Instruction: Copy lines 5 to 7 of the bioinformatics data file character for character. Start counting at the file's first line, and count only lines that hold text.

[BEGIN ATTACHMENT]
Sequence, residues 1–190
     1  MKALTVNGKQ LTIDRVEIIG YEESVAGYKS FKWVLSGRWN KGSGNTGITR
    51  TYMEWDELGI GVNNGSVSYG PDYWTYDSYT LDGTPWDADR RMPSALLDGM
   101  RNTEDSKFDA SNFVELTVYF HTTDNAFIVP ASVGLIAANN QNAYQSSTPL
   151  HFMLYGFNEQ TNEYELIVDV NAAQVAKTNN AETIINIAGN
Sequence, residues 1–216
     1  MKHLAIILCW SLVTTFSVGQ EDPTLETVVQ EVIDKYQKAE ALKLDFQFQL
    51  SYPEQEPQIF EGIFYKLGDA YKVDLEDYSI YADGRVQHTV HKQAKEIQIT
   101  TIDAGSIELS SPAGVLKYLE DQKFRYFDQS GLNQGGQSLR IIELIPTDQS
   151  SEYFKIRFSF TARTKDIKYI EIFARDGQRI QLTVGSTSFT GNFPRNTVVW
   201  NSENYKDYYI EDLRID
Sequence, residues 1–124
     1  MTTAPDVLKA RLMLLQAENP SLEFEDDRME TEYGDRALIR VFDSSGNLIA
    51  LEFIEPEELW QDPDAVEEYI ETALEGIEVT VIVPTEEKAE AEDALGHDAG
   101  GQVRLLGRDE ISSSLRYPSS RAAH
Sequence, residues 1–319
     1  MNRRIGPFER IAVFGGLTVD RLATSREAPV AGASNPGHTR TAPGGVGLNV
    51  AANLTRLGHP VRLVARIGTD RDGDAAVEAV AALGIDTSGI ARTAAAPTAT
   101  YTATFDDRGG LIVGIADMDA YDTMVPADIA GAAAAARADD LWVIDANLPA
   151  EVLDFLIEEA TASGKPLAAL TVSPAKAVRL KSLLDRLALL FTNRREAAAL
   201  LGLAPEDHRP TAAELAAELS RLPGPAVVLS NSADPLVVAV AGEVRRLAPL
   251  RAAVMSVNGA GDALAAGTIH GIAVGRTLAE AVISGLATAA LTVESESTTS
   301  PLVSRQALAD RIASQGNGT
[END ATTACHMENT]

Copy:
   151  HFMLYGFNEQ TNEYELIVDV NAAQVAKTNN AETIINIAGN
Sequence, residues 1–216
     1  MKHLAIILCW SLVTTFSVGQ EDPTLETVVQ EVIDKYQKAE ALKLDFQFQL